5. Giving up all your predilections and tendencies.
You can sum up pretty much all of these mistakes into one theme. Most people make the mistake of making self-sacrificing compromises out of sheer desperation to be in, keep, and maintain romantic relationships.
They think, behave, and act in ways that reek of a lack of self-esteem.
The initial scenario is clearer here — someone who just couldn’t understand why she consistently ends up in messy relationships because, to her, she’s investing her all and seems to be what every man can’t resist.
Of course, there’s nothing inherently wrong with compromising and making sacrifices for the betterment of a relationship.
But the idea that you need to be the only one who gives up his predilections and tendencies to meet a partner in the middle while they always have their way, is what keeps most people from enjoying the kinds of relationships they so desire.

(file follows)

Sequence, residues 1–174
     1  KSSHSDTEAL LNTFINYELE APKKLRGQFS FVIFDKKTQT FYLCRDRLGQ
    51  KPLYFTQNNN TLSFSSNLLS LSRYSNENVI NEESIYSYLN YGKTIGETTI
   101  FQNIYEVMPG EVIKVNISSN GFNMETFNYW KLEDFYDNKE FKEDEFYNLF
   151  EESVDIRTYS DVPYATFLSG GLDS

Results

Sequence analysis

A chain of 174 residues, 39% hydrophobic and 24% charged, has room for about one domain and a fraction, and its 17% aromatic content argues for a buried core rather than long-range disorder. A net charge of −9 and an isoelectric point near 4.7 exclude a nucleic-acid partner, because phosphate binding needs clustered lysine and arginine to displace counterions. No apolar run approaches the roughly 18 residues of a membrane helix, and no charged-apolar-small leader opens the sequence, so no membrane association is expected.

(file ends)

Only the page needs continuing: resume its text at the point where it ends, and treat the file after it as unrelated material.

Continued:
Hell, it’s one of the biggest reasons they often tend to be unhappy in a good relationship.
Your self-value, self-worth, and self-esteem aren’t determined by others — most times you need to truly believe that you’re worth a lot. That you deserve love and affection. And that you don’t need to sacrifice yourself, accommodate, justify, and conform to be loved.
Your value isn’t determined by outside forces — sometimes you have to let people know how much you value by being pleased with the person you are and by knowing that you aren’t undeserving of the most fundamental things life has to offer.
The world can’t automatically detect how best to treat and even think of you — sometimes you need to lead the way by how you think of and treat yourself.
Suggested readings: The Truth About Being Ashamed of Someone You Love
John Emmanuel is a results-obsessed relationship blogger and founder of Top Love Hacks, dedicated to helping you level up your dating and relationship game by motivating you to be in control of your love life.